Greensky Bluegrass Covers Phish, Bob Dylan, Pink Floyd, And More In Boston [Videos/Setlist]

first_imgLast night, jam-grass favorites Greensky Bluegrass continued their current winter tour with a stop at Boston’s House of Blues, in the shadows of the Boston Red Sox’s storied home field Fenway Park. After an opening set from Portland-based quintet Fruition, Greensky took the stage for an incredible performance featuring extended versions of fan favorites like “Can’t Stop Now,” “Lose My Way,” “Kerosene,” “Living Over,” “Worried About The Weather.” The show’s second frame also showcased a slew of crowd-pleasing covers, including Bob Dylan‘s “When I Paint My Masterpiece,” Pink Floyd‘s “Time,” and Phish‘s “Chalkdust Torture.”Watch fan-shot footage of the band’s covers of “Time” and “Chalk Dust Torture” via Instagram user jock955: The official soundboard recording of the show is available for download now here.Setlist: Greensky Bluegrass | House Of Blues | Boston, MA | 1/27/17Set One: In Control. Can’t Stop Now, Lose My Way, Past My Prime, Money For Nothing, Sweetwater Sea, Demons^^, I’d Probably Kill You^^, KeroseneSet Two: When I Paint My Masterpiece**, Living Over, Room Without A Roof, Reuben’s Train, Fixing To Ruin, New Barns, Dry Country, Time^, Worried About The WeatherEncore: Chalkdust Torture*Notes: ^^Jay Cobb Anderson on guitar; *Phish cover; **Bob Dylan cover; ^Pink Floyd cover;Tonight, Greensky and Fruition will make their way to New York City for a performance at the PlayStation Theater in the heart of Times Square. For tickets, visit the band’s website.[Cover photo via ontheDL Photography]last_img read more

Six from Harvard named Paul and Daisy Soros fellows

first_imgIn 1997, Paul and Daisy Soros created a charitable trust to support the graduate study of new Americans, immigrants, and children of immigrants. This year, 31 new fellows have been awarded fellowships, and to date, a total of 384 graduate fellowships have been awarded.Out of 890 applications nationwide, six individuals from Harvard have been awarded 2010 Paul & Daisy Soros Fellowships.Aarti Shahani was born in Casablanca, Morocco, to parents of Pakistani heritage. She attended the University of Chicago and was an honors graduate in anthropology in 2002. Shahani is currently a first-year public policy student at the Harvard Kennedy School.Laurel Yong-Hwa Lee was born in South Korea. She attended the Massachusetts Institute of Technology (MIT), graduating with a double major in brain and cognitive science as well as biology. At MIT, Lee won a Rhodes Scholarship and earned a doctorate degree in clinical medicine at Oxford University. She is currently in her second year of studying medicine at the Harvard-MIT Division of Health Sciences and Technology.Hari Prabhakar was born in Dallas, Texas, to parents from south India. While pursuing an undergraduate degree at Johns Hopkins University, he was awarded a British Marshall Scholarship, which he used to earn advanced degrees in tropical medicine and international health management. Prabhakar is a first-year student at Harvard Medical School.Deep Shah was born in Atlanta, eight years after his parents emigrated to this country from India. He attended the University of Georgia, and there Shah was named a Rhodes Scholar. At Oxford University, he earned a master’s degree in comparative social policy. He is currently a first-year student at Harvard Medical School.Vanara Taing was born in Thailand in a refugee camp for Cambodians who had escaped during the Vietnamese invasion. Soon thereafter, Taing’s family resettled in the state of Washington. She received her undergraduate degree from Scripps College and her master’s degree from the Harvard Graduate School of Education. Taing recently produced a film, “Beyond the Music,” which was shown at New York’s Museum of Modern Art and Anthology Film Archive. She has applications pending at several master of fine arts programs in film production and editing.Tony Pan grew up in Kaoshiung, Taiwan, and received his undergraduate degree in physics from Stanford University, winning awards for scholastic achievement and outstanding performance in physics. He is currently a Ph.D. candidate in theoretical astrophysics at Harvard.last_img read more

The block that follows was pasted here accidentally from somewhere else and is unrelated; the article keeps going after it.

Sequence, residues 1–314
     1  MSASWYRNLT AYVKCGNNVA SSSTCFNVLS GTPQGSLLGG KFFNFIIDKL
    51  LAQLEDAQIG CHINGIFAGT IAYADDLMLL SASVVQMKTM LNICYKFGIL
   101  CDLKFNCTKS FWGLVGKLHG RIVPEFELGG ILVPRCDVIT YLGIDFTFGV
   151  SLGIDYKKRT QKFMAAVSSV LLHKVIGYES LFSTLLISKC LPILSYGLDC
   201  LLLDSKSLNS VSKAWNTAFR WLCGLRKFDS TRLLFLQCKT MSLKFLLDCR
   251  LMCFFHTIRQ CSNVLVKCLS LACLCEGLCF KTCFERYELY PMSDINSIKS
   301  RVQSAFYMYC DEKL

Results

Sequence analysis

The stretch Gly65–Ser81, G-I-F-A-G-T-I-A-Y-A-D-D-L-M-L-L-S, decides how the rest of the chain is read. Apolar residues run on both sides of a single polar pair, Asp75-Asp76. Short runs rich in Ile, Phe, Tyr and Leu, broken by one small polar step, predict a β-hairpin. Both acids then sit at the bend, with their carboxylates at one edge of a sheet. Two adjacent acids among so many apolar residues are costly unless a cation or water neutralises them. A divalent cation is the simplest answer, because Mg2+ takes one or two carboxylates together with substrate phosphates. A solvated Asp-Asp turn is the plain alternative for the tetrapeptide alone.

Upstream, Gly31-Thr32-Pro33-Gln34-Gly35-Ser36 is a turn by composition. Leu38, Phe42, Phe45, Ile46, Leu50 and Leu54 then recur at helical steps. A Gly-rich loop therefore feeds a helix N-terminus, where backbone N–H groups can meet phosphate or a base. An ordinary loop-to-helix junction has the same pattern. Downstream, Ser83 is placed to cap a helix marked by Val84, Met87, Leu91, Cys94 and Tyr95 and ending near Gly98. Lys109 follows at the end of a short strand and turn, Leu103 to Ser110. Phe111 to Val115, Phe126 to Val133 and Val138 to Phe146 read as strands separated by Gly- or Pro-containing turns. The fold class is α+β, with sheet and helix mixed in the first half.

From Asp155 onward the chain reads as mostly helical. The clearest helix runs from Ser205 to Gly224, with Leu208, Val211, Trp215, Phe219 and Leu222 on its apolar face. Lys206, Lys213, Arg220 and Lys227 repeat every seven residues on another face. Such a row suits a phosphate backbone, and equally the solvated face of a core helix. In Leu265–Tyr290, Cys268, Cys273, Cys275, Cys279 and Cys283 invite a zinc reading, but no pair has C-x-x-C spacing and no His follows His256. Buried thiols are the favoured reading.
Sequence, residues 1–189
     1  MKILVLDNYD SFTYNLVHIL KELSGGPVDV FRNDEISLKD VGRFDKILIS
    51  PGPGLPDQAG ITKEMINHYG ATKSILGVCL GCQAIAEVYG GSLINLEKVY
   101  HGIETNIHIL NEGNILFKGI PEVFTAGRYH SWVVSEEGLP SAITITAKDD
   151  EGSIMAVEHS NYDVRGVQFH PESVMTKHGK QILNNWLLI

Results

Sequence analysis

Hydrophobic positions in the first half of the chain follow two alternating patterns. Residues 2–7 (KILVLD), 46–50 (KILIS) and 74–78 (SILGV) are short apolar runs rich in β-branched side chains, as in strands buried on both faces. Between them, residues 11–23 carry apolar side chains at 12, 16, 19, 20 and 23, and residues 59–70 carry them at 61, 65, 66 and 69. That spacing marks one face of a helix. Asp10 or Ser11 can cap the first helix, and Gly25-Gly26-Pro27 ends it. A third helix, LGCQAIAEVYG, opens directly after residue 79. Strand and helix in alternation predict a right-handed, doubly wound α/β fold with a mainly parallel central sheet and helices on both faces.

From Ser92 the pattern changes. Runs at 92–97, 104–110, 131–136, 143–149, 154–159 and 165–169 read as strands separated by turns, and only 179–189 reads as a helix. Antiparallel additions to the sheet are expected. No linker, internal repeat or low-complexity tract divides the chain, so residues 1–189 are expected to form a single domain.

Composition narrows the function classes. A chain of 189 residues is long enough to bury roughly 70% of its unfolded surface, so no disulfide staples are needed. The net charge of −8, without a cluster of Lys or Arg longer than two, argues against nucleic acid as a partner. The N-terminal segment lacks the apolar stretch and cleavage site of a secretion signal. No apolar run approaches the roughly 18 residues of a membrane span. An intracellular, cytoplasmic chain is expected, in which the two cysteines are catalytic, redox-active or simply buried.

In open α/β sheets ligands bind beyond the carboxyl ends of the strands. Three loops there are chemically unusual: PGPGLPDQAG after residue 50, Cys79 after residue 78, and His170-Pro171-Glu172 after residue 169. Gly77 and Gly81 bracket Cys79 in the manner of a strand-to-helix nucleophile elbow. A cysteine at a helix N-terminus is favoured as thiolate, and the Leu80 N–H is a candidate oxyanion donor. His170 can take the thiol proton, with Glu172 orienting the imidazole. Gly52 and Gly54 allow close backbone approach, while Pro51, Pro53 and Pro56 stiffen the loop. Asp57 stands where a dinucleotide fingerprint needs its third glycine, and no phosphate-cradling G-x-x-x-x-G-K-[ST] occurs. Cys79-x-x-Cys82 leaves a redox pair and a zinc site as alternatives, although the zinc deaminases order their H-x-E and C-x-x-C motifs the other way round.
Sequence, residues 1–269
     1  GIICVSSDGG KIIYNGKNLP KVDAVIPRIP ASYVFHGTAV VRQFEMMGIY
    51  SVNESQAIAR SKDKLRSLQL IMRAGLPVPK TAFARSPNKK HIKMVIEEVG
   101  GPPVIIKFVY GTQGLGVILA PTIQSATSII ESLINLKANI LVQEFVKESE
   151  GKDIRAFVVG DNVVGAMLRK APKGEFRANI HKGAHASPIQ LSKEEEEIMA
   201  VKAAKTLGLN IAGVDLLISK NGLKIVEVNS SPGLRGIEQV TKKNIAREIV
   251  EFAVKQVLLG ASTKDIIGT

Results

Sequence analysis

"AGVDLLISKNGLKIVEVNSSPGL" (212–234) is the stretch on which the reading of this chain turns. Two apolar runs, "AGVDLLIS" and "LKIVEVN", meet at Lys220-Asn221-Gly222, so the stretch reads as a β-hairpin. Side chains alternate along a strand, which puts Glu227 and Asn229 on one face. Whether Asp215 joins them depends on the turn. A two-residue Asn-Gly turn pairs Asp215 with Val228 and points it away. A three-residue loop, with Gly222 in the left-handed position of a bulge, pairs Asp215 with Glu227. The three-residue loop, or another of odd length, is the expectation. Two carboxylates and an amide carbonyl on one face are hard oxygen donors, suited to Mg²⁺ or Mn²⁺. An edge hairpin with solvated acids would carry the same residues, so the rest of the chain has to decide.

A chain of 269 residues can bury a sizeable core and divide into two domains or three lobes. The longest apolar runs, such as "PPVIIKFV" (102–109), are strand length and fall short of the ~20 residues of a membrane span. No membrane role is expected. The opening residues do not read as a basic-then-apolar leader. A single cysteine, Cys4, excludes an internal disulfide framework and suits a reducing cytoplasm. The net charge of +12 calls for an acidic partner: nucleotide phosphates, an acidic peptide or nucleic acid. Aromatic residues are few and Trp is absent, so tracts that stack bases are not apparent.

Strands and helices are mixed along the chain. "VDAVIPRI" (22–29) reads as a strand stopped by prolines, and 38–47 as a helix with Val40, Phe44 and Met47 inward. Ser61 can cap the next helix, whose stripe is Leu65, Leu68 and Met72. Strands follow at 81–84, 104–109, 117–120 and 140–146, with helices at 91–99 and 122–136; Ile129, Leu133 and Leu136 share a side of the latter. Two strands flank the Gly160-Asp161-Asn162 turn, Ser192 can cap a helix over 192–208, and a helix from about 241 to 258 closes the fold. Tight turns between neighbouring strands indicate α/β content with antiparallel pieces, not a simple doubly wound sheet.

Do you aspire to being a high performance board?

first_imgEach organization has a culture, a way of practicing values and beliefs. In a credit union, the culture starts at the top—in the boardroom—and emanates from there to the executive team and staff. When the board is in alignment to be high performing, the CEO has an easier job of creating and maintaining a highly engaged organizational culture.The board’s role is simple: strategy, policy and advocacy. How directors organize themselves to create an engaged and productive board centers on a commitment for the group to act as such, an engaged and productive board. Engaged and productive directors increase board fitness by modeling the credit union’s vision, mission, and values in and outside of the boardroom.Low-Hanging FruitHere’s a list of 15 easy and common sense things you and your fellow directors can do on your path to being a high performing board. continue reading » 5SHARESShareShareSharePrintMailGooglePinterestDiggRedditStumbleuponDeliciousBufferTumblrlast_img read more

New Point semi fire under investigation

first_imgNew Point, In. — Indiana State Police are investigating a semi fire at the New Point exit of I-74. No injuries are known at this time and no damage estimate is available.last_img